But, if they have, in fact, figured out how to join the 20th Century with respect to regional rail, I applaud them.
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Re: Denver Area Light and Heavy Rail (RTD) systems

Post by electricron » Sat Apr 23, 2016 12:08 pm

I don't understand why the person outside walking around the train checking the brakes has to be assigned to the train? Couldn't that qualified person be assigned to the two terminus stations instead, helping the engineer in the new active cab check the brakes for every train? Since the engineer has to walk the train anyways switching cabs, couldn't they rotate engineers, with the new engineer climbing into the new cab while the old engineer walks the train, or vice versa, then takes a break and then becomes the new engineer on the next train?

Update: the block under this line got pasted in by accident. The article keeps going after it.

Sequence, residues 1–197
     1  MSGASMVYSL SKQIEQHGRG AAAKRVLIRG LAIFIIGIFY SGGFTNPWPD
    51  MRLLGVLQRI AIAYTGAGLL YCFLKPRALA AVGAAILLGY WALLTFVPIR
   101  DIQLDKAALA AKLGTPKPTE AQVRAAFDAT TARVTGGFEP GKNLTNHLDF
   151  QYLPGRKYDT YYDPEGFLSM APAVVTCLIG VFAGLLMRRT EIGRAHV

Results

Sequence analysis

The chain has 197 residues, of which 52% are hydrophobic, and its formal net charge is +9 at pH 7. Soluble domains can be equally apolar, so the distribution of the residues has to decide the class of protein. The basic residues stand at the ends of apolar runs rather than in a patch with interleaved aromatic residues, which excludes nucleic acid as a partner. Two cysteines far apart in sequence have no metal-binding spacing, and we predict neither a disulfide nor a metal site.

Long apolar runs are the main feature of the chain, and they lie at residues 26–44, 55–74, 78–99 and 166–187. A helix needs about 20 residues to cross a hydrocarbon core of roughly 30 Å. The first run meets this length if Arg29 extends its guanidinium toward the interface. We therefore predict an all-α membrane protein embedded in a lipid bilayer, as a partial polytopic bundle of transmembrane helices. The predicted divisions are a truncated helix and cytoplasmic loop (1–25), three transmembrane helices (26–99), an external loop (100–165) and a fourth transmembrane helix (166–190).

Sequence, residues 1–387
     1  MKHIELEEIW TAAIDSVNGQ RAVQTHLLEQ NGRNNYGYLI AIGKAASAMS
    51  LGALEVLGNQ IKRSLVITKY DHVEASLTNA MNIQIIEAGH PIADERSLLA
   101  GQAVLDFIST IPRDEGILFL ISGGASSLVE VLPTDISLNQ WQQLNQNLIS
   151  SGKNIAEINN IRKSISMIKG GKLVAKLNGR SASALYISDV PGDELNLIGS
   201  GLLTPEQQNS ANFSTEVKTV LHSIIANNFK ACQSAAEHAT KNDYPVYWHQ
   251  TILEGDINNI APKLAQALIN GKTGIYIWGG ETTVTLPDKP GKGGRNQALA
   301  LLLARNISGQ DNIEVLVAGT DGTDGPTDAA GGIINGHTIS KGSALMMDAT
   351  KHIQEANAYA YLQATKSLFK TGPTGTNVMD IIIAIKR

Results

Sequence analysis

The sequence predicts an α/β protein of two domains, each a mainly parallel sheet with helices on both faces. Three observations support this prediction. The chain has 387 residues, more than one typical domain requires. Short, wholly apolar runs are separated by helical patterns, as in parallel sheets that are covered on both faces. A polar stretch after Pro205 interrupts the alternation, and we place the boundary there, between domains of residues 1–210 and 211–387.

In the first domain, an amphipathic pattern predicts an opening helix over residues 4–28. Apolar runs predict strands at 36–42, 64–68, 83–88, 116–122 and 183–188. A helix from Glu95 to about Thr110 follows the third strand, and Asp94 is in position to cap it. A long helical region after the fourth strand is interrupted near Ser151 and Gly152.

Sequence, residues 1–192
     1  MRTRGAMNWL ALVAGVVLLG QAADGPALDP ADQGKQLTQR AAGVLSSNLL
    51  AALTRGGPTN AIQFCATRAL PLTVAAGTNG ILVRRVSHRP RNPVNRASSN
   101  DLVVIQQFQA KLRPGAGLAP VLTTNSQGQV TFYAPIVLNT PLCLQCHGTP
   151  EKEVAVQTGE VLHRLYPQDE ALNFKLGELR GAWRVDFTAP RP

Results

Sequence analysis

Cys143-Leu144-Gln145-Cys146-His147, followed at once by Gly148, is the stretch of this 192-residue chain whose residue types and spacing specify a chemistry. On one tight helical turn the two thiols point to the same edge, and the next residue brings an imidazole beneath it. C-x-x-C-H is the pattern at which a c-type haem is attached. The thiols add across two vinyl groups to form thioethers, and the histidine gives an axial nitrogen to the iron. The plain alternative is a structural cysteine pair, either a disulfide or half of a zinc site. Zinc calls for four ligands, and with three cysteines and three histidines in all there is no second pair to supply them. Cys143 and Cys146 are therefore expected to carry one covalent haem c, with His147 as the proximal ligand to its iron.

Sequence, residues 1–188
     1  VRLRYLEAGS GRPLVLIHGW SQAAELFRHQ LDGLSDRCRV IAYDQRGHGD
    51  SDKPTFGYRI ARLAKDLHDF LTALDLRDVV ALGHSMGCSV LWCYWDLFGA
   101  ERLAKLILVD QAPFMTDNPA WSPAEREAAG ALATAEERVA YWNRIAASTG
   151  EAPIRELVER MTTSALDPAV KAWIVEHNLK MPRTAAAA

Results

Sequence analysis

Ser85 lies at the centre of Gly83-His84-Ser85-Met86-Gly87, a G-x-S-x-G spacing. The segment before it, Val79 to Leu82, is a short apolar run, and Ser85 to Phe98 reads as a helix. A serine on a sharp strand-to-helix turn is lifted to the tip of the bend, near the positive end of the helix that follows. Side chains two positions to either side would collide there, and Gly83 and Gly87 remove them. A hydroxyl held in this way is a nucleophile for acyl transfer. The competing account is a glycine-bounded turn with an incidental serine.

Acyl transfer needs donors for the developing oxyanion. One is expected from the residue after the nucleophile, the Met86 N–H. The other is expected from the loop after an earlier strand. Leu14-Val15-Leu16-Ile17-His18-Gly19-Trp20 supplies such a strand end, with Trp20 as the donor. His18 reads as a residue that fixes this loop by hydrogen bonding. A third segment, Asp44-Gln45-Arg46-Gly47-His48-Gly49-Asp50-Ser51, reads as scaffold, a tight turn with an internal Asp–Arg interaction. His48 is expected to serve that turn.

For example, for ten trains in service, there's twelve qualified personnel for performing brake checks (10 on the trains and 2 at the end stations) vs twenty (2 on 10 trains), therefore eight less personnel required to perform these tests.

I'll admit I am not aware exactly the operating procedure, but even a lay person like me can see ways to have qualified personnel make the necessary break checks without having two people assigned to ride the train all the way over the route.

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Re: Denver Area Light and Heavy Rail (RTD) systems

Post by mtuandrew » Sat Apr 23, 2016 4:34 pm